FEASTING ON THE WORD
"If you meditate on the Scriptures it will appear to you in its brilliant splendor." ―St. Pio of Pietrelcina
Fifth Sunday of Lent (A)
Ezekiel 37:12-14 | Psalm 130:1-2, 3-4, 5-6, 7-8 | Romans 8:8-11 | John 11:1-45
As our Lenten journey reaches a crescendo, we are all summoned to focus on the theme of death yielding to a new life. Today, Jesus is given to us as one who not only heals the sick and sustains life, but as one who restores lost life.
On May 25, 2017, during the Siege of Marawi, a woman by the name of Sandra Cruz received the worst call of her life. Her son, Samuel Cruz, Private First Class, had stood on a live grenade and was dead. For the next three days she grieved. No one could comfort her. On the third day after receiving the terrible news, the phone rang. On the other end of the phone there was a voice that said, “Mama, it’s me. I’m alive.” At first Sandra thought it was a cruel joke, but as the conversation continued, she realized it was her son. Later she said she laughed and cried and rejoiced because what seemed to be a hopeless situation turned out to be the greatest day of her life. That’s what news from a graveyard can do for you when you hope in the Lord.
In the first reading, Prophet Ezekiel reminds the people who are in exile that even though it seems like they have no life, God promises to breathe the divine life back into them and raise them to new life. Israel’s return from exile will be like resurrection from the grave. The dry bones are the exiles in Babylon, who have no more hope of resuscitating the kingdom of Judah like humanity is doing now given the scourge of Corona Virus. Just before the Israelites lose all hope, God’s prophet encourages them to hang on, for better days lay ahead where God will open the graves and restore the people of Israel.
Edgardo, his wife Abegail and his mother-in-law Cynthia went on a pilgrimage to the Holy Land. While they were visiting the Church of the Holy Sepulchre which is traditionally believed to be the site of Jesus tomb, Cynthia became so overwhelmed by the beauty of the holy garden, suffered a heart attack and died instantly. With the death certificate in hand Edgardo went to the Philippine Embassy to make arrangements to send the body back to Manila for proper burial. The Consul, after hearing of the death of the mother-in-law, told Edgardo, "My friend, the sending of the body back to the Philippines for burial is very, very expensive. It could cost as much as ₱260,000." He continued, ""In most of these cases, the person responsible for the remains normally decides to bury the body here. This would only cost ₱7,800." Edgardo thinks for some time and answers the Consul, "I don't care how much it will cost to send the body back. That's what I want to do." The Consul after hearing this says, "Your mother-in-law must have been very dear to you that you're willing to spend for her burial." "No, it's not that," says Edgardo. "You see, I read of a case many years ago of a person buried here in Jerusalem, and on the third day he was resurrected. I just can't take that risk."
Our second reading continues the theme of resurrection from the dead. In his letter to the Romans, Saint Paul assures the early Roman Christians, who were facing death by persecution, and us, who are surrounded by a culture of death, that the same Spirit that raised Jesus from the dead and who dwells within us will raise our mortal bodies to life on the last day. When a seed is planted, it seems to die but it grows up into a beautiful new plant. When Jesus died for us, he was buried, but he rose again in a more wonderful body. Believers in Jesus will have new bodies like his when they rise from death.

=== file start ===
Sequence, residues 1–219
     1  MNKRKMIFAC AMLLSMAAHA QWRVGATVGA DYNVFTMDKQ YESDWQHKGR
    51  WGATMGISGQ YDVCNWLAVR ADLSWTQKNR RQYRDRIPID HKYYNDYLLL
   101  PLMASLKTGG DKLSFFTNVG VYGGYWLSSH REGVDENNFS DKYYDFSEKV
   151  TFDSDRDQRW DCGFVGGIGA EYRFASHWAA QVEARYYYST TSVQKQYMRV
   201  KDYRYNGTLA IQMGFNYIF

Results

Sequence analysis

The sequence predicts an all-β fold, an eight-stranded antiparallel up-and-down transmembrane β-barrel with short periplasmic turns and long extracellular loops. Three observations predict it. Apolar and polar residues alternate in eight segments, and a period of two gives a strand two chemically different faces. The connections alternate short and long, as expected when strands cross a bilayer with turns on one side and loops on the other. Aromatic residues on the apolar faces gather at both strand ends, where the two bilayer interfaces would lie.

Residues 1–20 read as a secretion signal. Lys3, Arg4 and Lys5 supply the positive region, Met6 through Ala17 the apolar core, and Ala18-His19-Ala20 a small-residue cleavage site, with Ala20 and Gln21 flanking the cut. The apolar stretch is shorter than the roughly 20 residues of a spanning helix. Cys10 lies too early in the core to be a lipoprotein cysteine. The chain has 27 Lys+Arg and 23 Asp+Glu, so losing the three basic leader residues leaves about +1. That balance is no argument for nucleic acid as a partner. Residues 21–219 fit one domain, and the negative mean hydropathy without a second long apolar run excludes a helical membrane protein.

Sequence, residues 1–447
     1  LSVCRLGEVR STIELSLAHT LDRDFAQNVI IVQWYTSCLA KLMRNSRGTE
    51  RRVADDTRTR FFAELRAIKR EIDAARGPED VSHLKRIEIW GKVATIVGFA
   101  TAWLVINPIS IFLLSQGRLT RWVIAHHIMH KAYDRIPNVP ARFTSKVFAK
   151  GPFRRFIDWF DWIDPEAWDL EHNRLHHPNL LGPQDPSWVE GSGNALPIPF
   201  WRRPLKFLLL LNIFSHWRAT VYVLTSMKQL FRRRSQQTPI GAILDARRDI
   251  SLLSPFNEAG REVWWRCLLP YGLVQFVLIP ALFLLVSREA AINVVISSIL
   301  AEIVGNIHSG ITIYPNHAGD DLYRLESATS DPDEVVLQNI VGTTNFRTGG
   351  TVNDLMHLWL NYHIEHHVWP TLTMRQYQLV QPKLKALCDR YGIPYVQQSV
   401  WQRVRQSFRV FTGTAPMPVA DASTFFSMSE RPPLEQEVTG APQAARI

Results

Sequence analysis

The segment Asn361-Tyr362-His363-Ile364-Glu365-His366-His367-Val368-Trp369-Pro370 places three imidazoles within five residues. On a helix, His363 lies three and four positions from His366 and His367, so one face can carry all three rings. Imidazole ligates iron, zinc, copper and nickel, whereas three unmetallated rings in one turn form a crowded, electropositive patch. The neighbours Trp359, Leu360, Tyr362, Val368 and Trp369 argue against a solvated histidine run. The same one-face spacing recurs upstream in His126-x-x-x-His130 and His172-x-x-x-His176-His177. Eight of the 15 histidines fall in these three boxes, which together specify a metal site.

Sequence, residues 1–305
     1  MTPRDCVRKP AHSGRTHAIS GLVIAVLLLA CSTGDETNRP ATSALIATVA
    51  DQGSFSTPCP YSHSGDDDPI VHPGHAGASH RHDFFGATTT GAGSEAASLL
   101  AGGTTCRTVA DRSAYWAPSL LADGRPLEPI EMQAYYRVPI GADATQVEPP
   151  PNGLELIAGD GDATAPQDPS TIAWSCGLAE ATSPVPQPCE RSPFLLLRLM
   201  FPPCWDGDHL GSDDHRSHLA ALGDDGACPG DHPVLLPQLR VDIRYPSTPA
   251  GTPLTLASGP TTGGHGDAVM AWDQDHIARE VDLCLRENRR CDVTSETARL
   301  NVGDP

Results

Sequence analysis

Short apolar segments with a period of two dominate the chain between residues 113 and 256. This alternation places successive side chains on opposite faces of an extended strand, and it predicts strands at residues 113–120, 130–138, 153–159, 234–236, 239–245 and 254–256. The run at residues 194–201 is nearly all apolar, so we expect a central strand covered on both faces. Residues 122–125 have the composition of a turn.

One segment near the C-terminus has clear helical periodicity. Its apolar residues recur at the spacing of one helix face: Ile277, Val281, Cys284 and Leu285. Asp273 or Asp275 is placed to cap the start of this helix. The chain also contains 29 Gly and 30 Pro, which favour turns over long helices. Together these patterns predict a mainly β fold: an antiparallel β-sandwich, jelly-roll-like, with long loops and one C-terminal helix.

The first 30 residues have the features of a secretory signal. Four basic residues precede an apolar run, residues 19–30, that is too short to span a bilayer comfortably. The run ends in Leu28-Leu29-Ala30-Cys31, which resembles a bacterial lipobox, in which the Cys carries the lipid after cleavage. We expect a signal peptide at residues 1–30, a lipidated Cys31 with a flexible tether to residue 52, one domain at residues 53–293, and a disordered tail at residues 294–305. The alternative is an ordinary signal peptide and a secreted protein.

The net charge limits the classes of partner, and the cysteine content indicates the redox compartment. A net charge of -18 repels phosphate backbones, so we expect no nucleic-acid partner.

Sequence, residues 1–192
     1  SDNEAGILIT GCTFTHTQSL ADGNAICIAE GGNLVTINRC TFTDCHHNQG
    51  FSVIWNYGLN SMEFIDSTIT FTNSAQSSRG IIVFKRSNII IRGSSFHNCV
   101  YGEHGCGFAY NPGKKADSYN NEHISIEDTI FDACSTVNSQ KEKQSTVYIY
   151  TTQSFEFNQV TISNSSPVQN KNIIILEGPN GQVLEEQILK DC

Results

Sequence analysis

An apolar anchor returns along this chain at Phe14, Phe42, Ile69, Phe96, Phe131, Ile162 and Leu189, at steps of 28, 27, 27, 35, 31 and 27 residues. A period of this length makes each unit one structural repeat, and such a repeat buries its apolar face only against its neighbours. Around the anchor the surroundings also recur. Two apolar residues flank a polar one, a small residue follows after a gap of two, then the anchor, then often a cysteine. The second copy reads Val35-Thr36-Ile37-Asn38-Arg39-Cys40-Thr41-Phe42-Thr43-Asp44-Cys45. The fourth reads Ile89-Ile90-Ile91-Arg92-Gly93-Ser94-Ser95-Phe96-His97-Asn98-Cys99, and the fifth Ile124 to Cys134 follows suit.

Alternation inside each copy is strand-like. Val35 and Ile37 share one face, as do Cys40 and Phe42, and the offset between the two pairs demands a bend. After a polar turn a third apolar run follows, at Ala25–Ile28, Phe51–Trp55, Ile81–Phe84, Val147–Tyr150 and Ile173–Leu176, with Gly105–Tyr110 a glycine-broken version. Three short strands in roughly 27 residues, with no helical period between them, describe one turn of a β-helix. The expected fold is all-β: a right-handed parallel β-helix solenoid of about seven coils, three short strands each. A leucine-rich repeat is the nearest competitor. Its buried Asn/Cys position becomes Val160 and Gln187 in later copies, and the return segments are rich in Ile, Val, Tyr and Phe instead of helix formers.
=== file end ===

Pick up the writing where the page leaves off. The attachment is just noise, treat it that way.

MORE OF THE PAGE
Walter, a young man who works for a BPO, came to Mickey, his team lead and asked for the day off to attend his grandmother's funeral. Mickey said, “Sure.” The next day Walter was talking to Mickey. His team lead said, “Do you believe in resurrection from the dead?” Walter said, “Yes.”
"Interesting, because after you left work yesterday, your grandmother came to visit you!”
The Gospel is the account of the Raising of Lazarus. He now lays four days in the grave. As his sister, Martha, said, "By now there will be a stench." The Israelites did not embalm their dead and in that climate, the body decomposed rapidly. The smell is sickening. The high point of the story is the great pronouncement of verses 25-26. There is encouragement here as Jesus proclaims that He is the Resurrection and the Life and that those who believe in Him will have life even if they die. Faith is the key. When we believe in Christ, even though we surely die, we shall be raised again to life through Christ’s suffering, death and resurrection – eternal life!
In two weeks, the Church will celebrate the Resurrection of Jesus. Let’s remember to keep praying for all the people and for our world, for new life in Jesus:
Dear God, there is nothing impossible for you. When our hope is fading away, speak into our situation. Increase our faith and give us new life in your Son. Heal the victims of Corona Virus, protect those exposed to the pandemic and grant eternal rest to those who have died. We pray this through Jesus, our Resurrection and Life. Amen. <enrique,ofs>
Jeff Jacinto, PhD, DHum